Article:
Why the Fed raising rates in September could help your stocks. Part two.

Is it over yet

Peter Tchir from Brean Capital just wrote a note to his clients that put everyone in a tizzy. He believes that the Fed should increase short-term rates in September regardless that the markets are in full fledged implosion mode.

To get everyone up to speed, that last decline you see in this chart below shows you what the Fed has done to short-term interest rates since mid 2007.  The goal of low short-term interest rates was to boost the economy and stock prices coming out of the recession.

Do you like zero interest? Didn't think so

The cat is out of the bag that the Fed’s low interest rate policy did more of the latter than the former. Meaning, until this recent stock market hemorrhage, U.S. stock have been ripping since 2009, while the U.S. economy has been showing modest signs of improvement, but nothing off the charts.

So up until the last few weeks, everyone has been assuming the Fed will increase short-term rates in September. Why? Everything was “ok,” kind of, so it’s time to move back toward normal short-term interest rate levels of 2 – 2.5%.

But now that stocks around the globe are free falling faster than Tom Petty (oh my god), the short-term rate increase bet is off. Higher rates will “undoubtedly” be even worse for stocks (with higher rates, fewer people will borrow and spend money), so the Fed absolutely should not raise short-term interest rates.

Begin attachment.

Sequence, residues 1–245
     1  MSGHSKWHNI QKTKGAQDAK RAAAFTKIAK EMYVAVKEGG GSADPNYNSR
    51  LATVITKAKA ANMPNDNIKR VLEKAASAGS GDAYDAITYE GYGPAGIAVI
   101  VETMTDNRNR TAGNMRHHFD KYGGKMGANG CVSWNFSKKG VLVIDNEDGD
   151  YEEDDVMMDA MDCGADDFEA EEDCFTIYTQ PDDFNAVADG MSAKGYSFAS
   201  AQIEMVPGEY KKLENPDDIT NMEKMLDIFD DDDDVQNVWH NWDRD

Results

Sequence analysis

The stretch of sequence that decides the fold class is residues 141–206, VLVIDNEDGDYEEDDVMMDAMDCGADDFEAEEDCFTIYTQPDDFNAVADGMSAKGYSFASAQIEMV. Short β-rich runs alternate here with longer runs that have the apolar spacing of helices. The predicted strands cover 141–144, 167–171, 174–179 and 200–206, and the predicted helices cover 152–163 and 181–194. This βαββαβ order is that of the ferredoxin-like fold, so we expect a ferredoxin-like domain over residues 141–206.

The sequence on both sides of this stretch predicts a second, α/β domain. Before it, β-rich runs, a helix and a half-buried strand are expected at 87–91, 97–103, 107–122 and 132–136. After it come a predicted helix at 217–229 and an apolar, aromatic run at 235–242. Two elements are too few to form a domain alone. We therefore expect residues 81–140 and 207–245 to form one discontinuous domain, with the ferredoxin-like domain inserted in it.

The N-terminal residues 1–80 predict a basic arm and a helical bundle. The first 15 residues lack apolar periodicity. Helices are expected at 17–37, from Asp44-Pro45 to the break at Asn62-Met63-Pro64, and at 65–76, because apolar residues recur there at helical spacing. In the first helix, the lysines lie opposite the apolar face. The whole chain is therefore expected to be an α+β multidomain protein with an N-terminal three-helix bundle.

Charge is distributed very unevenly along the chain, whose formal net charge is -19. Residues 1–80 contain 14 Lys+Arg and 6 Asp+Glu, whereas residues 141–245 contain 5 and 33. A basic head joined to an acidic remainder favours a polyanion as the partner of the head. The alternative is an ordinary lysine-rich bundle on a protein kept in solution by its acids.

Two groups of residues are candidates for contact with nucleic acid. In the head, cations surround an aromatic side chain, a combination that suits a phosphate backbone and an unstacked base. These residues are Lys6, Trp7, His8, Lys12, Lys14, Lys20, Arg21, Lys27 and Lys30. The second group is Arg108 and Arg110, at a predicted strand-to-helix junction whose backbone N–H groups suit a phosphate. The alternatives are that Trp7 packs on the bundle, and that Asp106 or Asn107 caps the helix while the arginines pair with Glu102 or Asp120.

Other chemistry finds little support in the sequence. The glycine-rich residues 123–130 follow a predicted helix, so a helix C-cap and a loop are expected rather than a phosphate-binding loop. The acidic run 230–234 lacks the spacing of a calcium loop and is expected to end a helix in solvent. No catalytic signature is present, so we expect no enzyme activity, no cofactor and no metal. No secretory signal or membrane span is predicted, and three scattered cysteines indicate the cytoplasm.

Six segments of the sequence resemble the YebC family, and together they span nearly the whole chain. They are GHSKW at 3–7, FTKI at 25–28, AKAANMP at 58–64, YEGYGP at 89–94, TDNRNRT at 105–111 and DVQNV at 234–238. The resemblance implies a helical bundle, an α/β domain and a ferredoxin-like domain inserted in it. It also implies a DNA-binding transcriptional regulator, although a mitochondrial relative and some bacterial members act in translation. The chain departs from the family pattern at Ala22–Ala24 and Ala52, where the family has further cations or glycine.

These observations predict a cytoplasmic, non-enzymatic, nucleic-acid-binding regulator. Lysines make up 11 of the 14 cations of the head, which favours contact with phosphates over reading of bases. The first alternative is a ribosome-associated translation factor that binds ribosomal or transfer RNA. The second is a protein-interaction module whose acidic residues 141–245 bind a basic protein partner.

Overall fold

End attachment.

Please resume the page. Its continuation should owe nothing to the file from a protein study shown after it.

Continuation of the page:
Not so fast

I am definitely a rip the bandaid off sort of girl, so I agree with Tchir’s point that some certainty with interest rates could create a sense of calm, and actually be good for stocks, rather than this continual “we’re in we’re out” message the Fed is giving us.

That aside, why is everyone so afraid of an interest rate increase? It makes zero sense.

Morgan Housel and Ben Carlson point out via the WSJ: “The average annual return for the S&P 500 during all 14 periods (when rates bottomed out to their peak) was 9.6%, including dividends.”

Don't fight it

Ok. So you could say that an increase in short-term rates during a correction (right now) is a different scenario than each of the above. Fine. But the market likes certainty and hates uncertainty. So if we need to get from A to B with short-term rates, and uncertainty in the markets is off the charts right now, why not provide the markets with a little certainty love?

We need to return to normal

I wrote about why the Fed raising interest rates is not bad a few months ago: we need to get back to “normal.” Do you like earning zero interest on cash you have parked at the bank? Do you like earning piddly interest rates on your short-term bonds? Do you like not knowing when this will change?

The bottom line is we can’t have it both ways. Do you want “normal” inflation, interest rates, unemployment, and P/Es? Or do you want stocks to fall then probably rally up to space on the back of another QE and corporate buybacks fueled by low interest rates?

Don’t answer that.

The latter is great until your stimulus beer goggles wear off and you’re in bed with Stifler’s mom and not entirely sure what just happened.